17 June 2018




ANNABEL CRABB: Penny Wong, good morning and welcome to the program.


CRABB: What did you make of Minister Tudge’s speech this week?

WONG: Well, I thought it was interesting that his New South Wales colleague, Brad Hazzard, said it wasn’t a “fair dinkum” test. He said you don’t need English to come to this country you just need to be “fair dinkum” and this isn’t a “fair dinkum” test.

I think Minister Tudge has a way to go before he convinces his side of politics. At the highest level, of course we want people to learn English. The question is whether or not the sorts of ideas that Mr Tudge is floating – and he is only floating them – are sensible ones. Are they ones that work as unreasonable barriers – not “fair dinkum” test as Mr Hazzard says – or not? We will look at the detail of what he’s proposing when he actually proposes something.

CRABB: What are you suggesting, that he’s not actually proposing to do anything, that he just wants to ventilate this idea? Is it a bit of a dog whistle, do you think?

WONG: Well, I read his speech because obviously this was an issue that got a bit of media. He really is simply floating ideas. I don’t see a clear policy proposition that has the endorsement of the government being announced. We’ll obviously consider that if and when it happens.

CRABB: You were pretty firmly against the proposition when the government first brought it, when it was a higher level English literacy test. Would you be more comfortable with a primary school level conversational test?

WONG: We did oppose the government’s university level English test for citizenship which was floated previously; this was their earlier iteration. I made the wry point that maybe some of us in Parliament might not meet such a test anyway.

The conversational level test is the citizenship test currently. I think what is being floated is to bring it in earlier for permanent residency or the like. We’ll have a look at what he proposes. As I said, he’s floating ideas at the moment.

CRABB: So you are not opposed to a test per se?

WONG: We already have one. I think John Howard brought in the conversational level English as part of the citizenship test years ago.

CRABB: Only for the skilled migrant program, though?

WONG: Let’s see what the government proposes. I do think it is interesting. He hasn’t even got the support – from what I can see – from some of his New South Wales colleagues.

CRABB: Let’s move to the Trump-Kim summit; the major landmark of the week. I want to know five days on, do you think that the world is a safer place as a result of that summit?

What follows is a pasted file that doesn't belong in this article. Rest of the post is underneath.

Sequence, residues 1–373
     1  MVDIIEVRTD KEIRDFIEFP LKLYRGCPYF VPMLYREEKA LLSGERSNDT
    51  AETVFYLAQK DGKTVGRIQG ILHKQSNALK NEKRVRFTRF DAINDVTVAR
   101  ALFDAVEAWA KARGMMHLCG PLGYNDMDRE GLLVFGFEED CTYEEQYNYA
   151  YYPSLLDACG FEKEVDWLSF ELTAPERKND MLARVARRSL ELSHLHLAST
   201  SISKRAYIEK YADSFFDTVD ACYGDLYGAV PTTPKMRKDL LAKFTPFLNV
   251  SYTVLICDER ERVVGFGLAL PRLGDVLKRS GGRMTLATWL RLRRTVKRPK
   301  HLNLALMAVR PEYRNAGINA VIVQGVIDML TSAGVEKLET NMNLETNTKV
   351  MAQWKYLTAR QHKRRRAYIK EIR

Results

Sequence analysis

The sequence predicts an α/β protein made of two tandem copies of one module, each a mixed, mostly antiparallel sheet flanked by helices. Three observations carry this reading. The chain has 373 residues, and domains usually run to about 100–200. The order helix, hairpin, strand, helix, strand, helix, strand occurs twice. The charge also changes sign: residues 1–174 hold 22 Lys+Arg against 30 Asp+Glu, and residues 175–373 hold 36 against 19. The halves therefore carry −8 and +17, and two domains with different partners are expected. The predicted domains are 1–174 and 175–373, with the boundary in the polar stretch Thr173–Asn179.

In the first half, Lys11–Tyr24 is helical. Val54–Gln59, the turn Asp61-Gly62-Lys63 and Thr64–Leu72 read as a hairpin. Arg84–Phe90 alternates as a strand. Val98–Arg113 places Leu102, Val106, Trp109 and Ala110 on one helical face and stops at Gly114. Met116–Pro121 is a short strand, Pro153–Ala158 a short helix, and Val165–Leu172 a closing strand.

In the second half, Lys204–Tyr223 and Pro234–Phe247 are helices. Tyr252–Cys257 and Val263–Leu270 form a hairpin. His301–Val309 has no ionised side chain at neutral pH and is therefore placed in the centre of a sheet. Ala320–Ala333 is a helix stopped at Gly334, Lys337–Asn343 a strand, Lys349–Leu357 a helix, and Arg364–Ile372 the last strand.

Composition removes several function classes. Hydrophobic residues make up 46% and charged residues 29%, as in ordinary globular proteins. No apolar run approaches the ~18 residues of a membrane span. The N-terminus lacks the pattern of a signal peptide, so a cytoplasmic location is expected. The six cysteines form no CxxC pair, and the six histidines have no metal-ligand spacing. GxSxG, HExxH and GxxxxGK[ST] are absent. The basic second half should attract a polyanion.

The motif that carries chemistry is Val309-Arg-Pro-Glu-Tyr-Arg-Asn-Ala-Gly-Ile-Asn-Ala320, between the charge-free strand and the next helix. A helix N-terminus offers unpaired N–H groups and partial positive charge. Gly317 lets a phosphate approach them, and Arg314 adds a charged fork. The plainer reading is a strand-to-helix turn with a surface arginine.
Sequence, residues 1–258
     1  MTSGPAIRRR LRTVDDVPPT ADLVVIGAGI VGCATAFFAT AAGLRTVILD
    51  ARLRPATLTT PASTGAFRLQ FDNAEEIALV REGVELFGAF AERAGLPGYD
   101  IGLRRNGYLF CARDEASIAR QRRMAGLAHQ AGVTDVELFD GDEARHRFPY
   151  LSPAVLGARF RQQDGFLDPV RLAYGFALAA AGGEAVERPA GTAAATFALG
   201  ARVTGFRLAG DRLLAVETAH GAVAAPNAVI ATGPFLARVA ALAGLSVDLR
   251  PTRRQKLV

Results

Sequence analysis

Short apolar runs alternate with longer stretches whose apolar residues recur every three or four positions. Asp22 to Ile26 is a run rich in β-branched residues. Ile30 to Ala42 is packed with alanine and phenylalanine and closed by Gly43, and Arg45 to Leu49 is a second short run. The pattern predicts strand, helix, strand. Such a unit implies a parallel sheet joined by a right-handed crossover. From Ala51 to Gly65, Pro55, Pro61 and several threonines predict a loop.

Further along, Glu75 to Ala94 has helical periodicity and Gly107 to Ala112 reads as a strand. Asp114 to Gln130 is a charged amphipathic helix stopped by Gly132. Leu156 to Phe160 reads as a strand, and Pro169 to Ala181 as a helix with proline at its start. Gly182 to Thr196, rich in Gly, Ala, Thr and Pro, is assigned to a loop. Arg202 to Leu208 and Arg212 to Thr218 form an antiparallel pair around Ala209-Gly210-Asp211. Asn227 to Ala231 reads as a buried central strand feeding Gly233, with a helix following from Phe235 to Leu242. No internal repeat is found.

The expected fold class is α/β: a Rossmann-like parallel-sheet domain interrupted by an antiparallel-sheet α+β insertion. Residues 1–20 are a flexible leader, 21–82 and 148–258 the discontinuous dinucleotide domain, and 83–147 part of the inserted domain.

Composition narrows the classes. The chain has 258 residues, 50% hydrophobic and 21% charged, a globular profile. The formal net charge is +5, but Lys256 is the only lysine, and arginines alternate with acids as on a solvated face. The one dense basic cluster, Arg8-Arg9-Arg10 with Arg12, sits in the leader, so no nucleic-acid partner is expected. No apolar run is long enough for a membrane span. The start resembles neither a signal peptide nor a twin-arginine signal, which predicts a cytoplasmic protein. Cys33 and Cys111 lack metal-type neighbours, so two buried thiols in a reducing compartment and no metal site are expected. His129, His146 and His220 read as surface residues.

WONG: Well, it’s always better for people to be talking than not. You would have to say not yet. Not until we see real action. In your introduction, Annabel, you rather pithily described it as a speed-date – we need it to be a lot more than a speed-date and we need it to be a lot more than a headline.

It was historic and it was important. But what happens next is what really matters. Will we see steps towards genuine denuclearisation? Will we see the complete irreversible and verified removal of the nuclear capability of North Korea? That is the question.

CRABB: How do you interpret President Trump’s remarks where he raised the prospect of a US military retreat from the Korean Peninsula?

WONG: I think he made the point that that’s something that is not being considered currently. My view about it is this: the whole purpose of the sanctions on North Korea, the whole purpose of the pressure the international community has collectively brought on North Korea, has been to ensure the safety of the region; peace and stability in the region and peace and stability in the world. And any steps that are taken in the context of these discussions would have to be in that context; that is regional stability.

We need peace and stability in the region. It is not simply a bilateral discussion between the US and North Korea, as important as that is. It is about the stability of the whole region and US engagement in the region is important.

CRABB: Would you view a US retreat from the Korean Peninsula as creating a vacuum in the region?

WONG: Well, the President himself has said that is not something on the table now. It’s a hypothetical. You wouldn’t want to make any moves until you saw concrete steps or the actual denuclearisation of North Korea; the removal of the capability that I have outlined.

CRABB: The Trump administration’s next step, this week – after the summit – was to slap a 25 per cent tariff on a whole range of Chinese imports triggering a tit for tat response from Beijing. How is this trade war going to affect us?

WONG: It’s a bad thing. This is a very negative development. It is a negative development because it strikes at the integrity of the world trading system which has served the world well, which has ensured disputes are managed and contained, which has ensured that we don’t get into escalating economic fights. I think it is a negative thing because conflict in the trading relationship risks some instability in the broader bilateral relationship; and we need a strong, stable bilateral relationship between the United States and China. Nobody wins from a trade war.

CRABB: So how do you calm it down from here?

WONG: This is ultimately a matter that the international community has to deal with. Obviously, the US administration has a different view to that of both parties of government here and many of its allies when it comes to how to deal with trade issues. That is a fact of life.

We have to continue to assert why the trading system matters and we have to continue to try and ensure that this doesn’t escalate. So, you are right, your panel described the fact that this is a problem for Australia because we have strong economic as well as other relationships with both parties here. But it’s a problem for the world.

CRABB: So the alliance between Donald Trump and Kim Jong-un was an unlikely one to emerge in the last fortnight. Another one was Julie Bishop and Penny Wong, you two made a joint trip to Palau, the Federated States of Micronesia and the Marshall Islands. I think we’re seeing some pictures here now of you apparently rescuing the Foreign Minister from what appears to be quite a deep puddle.

Now while she was there the Foreign Minister made it quite clear that Australia considers the Pacific to be our patch. That was in response to some criticisms made from China about our interference in the region. Are you two now a unity ticket on telling China to back off from the Pacific?

WONG: We have a unity ticket as have successive governments and oppositions of both political persuasions on the importance of the Pacific to Australia and on the importance of Australia playing a leadership role, of being the natural partner in the development of Pacific nations. We are a unity ticket on that. The purpose of the bipartisan trip – I like the reference to the puddle… (laughs)

CRABB: I notice she didn’t help you out of it.